3 April 2012
In a ground-breaking judgment, the Court of Appeal has directed that journalists should be allowed access to documents referred to, but not read out, in Court proceedings.
Leigh Day were instructed by ARTICLE 19, a not for profit organisation which campaigns globally for free expression, to intervene in a successful appeal by the Guardian newspaper to the Court of Appeal against the refusal of City of Westminster Magistrates Court to disclose documents considered as part of extradition proceedings.
The extradition proceedings were brought by the US Government against two British citizens alleged to have been involved in the bribery of Nigerian officials by Kellog Brown and Root, a subsidiary of the well known US company Halliburton.
Following the hearings of these extradition proceedings, the Guardian, whose reporters had attended the court, requested copies of a number of documents, including witness statements and correspondence, passed to, and considered by, the District Judge but not read out in Court.
The District Judge refused the Guardian’s application for this documentation stating that she had no power to allow the release of the documents.
The Guardian applied for a Judicial Review of the District Judge’s decision. In its application, it confirmed its long interest in investigating stories of bribery and corruption of public officials. It argued that the public interest issues in this case included the following:
What were the two British citizens alleged to have done when participating in the scheme to bribe foreign officials/politicians in Nigeria?
Was the scheme run through London because the UK then had weak laws against overseas corruption?
Why was the US Government, rather that the SFO, seeking to prosecute the two British citizens? Had the SFO taken a back seat so as to allow the US Government to extradite and prosecute them?
Has the UK, by the 2003 Bilateral Extradition Treaty with the USA, made it too easy for the US Government to extradite British citizens, even when the offences alleged were mostly committed in countries other than the USA?
After the Administrative Court dismissed its claim, the Guardian appealed to the Court of Appeal. Leigh Day were then instructed by ARTICLE 19 to intervene in support of the Guardian’s appeal.
ARTICLE 19, The Global Campaign for Free Expression, is an international human rights non-governmental organisation based in London. Established in 1987, ARTICLE 19 works globally to protect and promote the right to freedom of expression, including the right to information. It takes its name from Article 19 of the Universal Declaration of Human Rights which states:
“Everyone has the right to freedom of opinion and expression; this right includes freedom to hold opinions without interference and to seek, receive, and impart information and ideas through any media and regardless of frontiers.”
Further information about ARTICLE 19 and its work is available on its website, www.article19.org.
Leigh Day and Co. instructed Heather Rogers QC and Ben Silverstone, both of Doughty Street Chambers, in this matter. In their written submissions on behalf of Article 19, they provided the court with a survey of the approach taken by courts in other countries with similar legal systems in relation to the disclosure of documents referred to in court. This survey confirmed that courts in these other countries had all favoured the disclosure of information.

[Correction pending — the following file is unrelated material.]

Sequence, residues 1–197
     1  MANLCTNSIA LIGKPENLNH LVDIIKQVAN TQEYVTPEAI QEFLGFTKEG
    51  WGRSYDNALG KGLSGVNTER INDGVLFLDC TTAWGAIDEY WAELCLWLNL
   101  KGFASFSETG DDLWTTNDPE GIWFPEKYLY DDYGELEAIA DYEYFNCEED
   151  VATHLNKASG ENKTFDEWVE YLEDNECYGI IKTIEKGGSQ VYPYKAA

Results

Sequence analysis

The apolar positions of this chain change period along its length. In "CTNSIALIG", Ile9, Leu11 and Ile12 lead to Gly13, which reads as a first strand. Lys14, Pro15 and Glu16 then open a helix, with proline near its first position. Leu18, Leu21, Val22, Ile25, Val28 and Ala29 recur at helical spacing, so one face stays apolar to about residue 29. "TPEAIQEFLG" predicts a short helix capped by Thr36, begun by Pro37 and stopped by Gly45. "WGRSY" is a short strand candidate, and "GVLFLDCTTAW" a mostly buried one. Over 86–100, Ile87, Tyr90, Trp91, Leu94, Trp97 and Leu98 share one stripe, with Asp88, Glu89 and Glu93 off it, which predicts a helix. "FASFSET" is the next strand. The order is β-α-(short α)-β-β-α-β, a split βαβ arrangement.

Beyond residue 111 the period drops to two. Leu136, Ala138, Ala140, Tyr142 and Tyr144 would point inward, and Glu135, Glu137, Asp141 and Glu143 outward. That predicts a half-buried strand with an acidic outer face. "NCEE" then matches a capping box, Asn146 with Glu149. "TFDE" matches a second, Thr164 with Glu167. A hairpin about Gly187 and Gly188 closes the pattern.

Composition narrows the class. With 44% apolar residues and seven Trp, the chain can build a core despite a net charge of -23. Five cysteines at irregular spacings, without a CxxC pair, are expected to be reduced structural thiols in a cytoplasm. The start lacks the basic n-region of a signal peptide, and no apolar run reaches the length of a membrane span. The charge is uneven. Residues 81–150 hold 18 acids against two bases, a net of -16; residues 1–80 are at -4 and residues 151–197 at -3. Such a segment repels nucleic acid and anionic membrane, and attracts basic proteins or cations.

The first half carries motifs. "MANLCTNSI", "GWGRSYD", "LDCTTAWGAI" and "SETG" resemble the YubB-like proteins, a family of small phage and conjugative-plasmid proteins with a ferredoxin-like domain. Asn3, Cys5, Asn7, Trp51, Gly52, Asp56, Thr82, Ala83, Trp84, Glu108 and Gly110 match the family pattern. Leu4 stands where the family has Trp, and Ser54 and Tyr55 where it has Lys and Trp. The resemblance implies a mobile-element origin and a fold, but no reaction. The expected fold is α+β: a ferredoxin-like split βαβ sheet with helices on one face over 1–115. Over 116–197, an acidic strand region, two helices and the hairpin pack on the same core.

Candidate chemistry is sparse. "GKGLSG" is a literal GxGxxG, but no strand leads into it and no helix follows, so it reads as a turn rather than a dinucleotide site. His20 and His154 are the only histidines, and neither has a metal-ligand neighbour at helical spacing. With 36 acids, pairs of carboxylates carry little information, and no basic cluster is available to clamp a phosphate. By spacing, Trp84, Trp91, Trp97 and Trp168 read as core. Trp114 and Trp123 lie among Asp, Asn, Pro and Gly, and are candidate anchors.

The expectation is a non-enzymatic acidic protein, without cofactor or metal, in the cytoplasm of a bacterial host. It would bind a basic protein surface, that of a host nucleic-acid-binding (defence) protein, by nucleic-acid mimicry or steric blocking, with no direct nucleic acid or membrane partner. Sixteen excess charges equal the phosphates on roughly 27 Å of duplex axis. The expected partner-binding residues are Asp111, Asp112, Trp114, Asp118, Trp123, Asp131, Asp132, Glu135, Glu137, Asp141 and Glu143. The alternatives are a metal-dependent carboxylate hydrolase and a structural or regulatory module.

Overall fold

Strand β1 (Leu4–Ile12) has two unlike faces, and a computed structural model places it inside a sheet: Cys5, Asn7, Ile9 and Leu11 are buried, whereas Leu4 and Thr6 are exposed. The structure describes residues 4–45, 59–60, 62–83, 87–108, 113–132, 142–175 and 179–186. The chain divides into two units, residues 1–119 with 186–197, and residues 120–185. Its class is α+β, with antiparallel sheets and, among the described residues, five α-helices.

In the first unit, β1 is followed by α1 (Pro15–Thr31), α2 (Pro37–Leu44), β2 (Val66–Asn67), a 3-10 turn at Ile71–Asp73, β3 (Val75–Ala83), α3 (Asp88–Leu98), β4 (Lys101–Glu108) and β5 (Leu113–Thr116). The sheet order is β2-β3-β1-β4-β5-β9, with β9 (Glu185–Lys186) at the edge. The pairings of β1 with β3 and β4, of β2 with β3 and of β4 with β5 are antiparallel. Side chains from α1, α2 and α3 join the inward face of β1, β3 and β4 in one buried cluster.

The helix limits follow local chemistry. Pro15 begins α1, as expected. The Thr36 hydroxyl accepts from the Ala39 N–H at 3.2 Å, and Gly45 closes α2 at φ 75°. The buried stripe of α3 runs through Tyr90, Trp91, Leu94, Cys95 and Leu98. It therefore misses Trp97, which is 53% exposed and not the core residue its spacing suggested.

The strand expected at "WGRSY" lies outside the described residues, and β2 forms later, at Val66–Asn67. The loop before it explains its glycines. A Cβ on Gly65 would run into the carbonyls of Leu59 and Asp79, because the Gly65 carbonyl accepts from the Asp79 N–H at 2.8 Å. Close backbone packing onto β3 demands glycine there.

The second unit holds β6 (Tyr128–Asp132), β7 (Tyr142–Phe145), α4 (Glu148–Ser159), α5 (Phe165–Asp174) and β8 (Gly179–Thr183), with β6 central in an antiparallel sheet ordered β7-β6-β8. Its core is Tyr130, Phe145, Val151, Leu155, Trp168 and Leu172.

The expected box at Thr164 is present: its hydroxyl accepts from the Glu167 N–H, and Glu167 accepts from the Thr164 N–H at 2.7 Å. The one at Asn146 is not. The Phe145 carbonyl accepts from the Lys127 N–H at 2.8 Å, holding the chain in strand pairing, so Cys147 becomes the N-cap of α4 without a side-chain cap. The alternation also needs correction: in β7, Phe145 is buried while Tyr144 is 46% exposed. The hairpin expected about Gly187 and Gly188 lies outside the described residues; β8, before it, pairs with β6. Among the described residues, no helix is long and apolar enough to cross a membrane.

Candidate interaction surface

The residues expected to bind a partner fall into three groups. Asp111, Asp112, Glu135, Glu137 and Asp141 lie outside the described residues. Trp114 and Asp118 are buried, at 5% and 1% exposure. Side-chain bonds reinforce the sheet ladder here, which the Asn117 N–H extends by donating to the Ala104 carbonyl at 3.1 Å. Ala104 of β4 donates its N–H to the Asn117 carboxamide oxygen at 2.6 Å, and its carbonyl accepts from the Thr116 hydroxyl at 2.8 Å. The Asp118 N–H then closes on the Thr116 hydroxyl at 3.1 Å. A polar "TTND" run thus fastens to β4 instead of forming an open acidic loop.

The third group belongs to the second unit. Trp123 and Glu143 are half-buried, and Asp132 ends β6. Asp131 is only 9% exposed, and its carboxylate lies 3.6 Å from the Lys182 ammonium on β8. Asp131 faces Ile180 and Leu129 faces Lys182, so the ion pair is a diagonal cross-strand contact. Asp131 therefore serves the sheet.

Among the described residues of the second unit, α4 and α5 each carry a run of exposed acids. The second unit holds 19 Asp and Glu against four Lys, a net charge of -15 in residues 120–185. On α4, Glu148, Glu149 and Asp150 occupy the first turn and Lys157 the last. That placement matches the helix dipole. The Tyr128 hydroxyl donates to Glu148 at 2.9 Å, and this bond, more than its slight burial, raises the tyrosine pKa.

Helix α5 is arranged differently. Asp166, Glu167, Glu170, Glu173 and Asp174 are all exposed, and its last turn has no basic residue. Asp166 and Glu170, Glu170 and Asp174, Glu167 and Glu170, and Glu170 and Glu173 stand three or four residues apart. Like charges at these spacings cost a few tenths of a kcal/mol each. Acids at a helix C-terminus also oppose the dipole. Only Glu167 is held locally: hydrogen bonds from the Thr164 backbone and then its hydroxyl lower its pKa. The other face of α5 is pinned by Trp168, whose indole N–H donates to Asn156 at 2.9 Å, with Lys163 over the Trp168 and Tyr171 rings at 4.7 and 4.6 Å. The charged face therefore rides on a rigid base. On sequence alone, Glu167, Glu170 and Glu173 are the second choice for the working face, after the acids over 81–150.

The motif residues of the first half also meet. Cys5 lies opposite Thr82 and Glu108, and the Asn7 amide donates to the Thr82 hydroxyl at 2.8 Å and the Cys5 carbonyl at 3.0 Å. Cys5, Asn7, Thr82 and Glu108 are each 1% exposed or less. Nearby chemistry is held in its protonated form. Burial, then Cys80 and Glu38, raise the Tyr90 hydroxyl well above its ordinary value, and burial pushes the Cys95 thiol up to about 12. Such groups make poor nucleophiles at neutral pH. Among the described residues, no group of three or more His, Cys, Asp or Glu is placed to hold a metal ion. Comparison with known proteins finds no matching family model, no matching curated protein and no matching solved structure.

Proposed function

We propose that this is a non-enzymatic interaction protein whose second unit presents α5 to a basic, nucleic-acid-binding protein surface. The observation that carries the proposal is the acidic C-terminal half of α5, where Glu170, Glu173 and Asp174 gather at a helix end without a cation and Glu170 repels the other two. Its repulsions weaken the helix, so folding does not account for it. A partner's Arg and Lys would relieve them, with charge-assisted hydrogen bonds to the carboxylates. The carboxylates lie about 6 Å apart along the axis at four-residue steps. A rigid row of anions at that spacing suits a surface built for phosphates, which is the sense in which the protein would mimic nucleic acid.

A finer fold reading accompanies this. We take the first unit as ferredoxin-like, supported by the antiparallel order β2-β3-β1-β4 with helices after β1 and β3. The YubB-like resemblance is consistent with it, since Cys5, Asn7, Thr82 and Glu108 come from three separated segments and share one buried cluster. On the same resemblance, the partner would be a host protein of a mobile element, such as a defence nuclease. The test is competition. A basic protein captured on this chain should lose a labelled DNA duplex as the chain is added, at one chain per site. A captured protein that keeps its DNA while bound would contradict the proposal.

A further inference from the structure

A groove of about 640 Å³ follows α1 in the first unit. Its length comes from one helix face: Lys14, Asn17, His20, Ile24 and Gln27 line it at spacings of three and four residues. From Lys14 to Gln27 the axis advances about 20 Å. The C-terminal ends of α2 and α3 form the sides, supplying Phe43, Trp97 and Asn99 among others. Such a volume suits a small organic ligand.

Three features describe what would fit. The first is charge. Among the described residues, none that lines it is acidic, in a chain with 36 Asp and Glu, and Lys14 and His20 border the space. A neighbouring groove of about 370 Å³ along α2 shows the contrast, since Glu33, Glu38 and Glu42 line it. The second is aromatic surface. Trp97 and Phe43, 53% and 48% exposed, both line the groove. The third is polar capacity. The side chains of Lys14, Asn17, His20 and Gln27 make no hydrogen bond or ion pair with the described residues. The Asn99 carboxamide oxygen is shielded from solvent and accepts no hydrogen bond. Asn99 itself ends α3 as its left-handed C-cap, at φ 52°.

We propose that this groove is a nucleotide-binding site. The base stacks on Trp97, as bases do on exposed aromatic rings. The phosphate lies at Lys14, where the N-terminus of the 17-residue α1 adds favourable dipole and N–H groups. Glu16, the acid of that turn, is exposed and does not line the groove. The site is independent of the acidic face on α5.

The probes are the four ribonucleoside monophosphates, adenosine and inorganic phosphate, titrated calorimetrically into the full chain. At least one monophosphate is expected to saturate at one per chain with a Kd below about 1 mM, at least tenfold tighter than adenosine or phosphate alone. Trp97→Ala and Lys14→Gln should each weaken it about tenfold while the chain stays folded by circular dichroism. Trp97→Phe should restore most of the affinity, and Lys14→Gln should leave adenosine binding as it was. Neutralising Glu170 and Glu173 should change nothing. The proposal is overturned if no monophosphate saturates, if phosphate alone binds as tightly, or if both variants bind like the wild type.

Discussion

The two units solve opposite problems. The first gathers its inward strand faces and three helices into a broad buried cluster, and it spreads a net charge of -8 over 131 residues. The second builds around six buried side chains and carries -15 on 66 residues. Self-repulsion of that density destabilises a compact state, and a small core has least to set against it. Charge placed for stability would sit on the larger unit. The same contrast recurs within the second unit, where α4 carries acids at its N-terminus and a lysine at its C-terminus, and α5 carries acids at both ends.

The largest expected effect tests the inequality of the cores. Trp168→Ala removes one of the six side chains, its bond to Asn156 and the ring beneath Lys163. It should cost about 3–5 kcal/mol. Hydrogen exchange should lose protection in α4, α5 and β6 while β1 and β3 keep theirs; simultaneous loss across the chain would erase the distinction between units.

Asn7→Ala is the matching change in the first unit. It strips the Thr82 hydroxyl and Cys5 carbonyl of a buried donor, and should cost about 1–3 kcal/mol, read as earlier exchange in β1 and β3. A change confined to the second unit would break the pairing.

These submissions were described as “helpful” in the leading judgment of Lord Justice Toulson who continued:
“I base my decision on the common law principle of open justice. In reaching it I am fortified by the common theme of the judgments in other common law countries to which I have referred. Collectively they are strong persuasive authority.”
In allowing The Guardian’s appeal and directing that the Guardian should be allowed access to the documents sought, Lord Justice Toulson continued:
“I recognise that this decision breaks new ground in the application of the principle of open justice, although not, as I believe, in relation to the nature of the principle itself.”
Dr Agnes Callamard, Executive Director of ARTICLE 19, commented:
“This is a critical decision for ensuring that courts, and the governments standing before them, act in an open and accountable way.
“Open justice requires that all information that led to a decision be made available to the public. It is a long time coming that the courts are as open as other branches of government.”
Sean Humber of Leigh Day commented:
“The importance of this judgment reverberates from its very first paragraph which states “Open justice. The words express a principle at the heart of our system of justice and vital to the rule of law. The rule of law is a fine concept but fine words butter no parsnips. How is the rule of law itself to be policed? It is an age old question. Quis custodiet ipsos custodes - who will guard the guards themselves? In a democracy, where power depends on the consent of the people governed, the answer must lie in the transparency of the legal process. Open justice lets in the light and allows the public to scrutinise the workings of the law, for better or for worse.”"
Sean is an expert in many aspects of the law relating to the disclosure of, or request for, information. He has successfully brought claims for breach of confidence, breach of human rights and breach of the Data Protection Act relating to the unauthorised disclosure of confidential information. He has also acted for clients, both individuals and NGOs, with regard to the disclosure of information as part of court proceedings and in making requests for information under the Data Protection Act and Freedom of Information Act, including successful applications to the Information Commissioner and appeals to the Information Tribunal where disclosure of the information has initially been refused.
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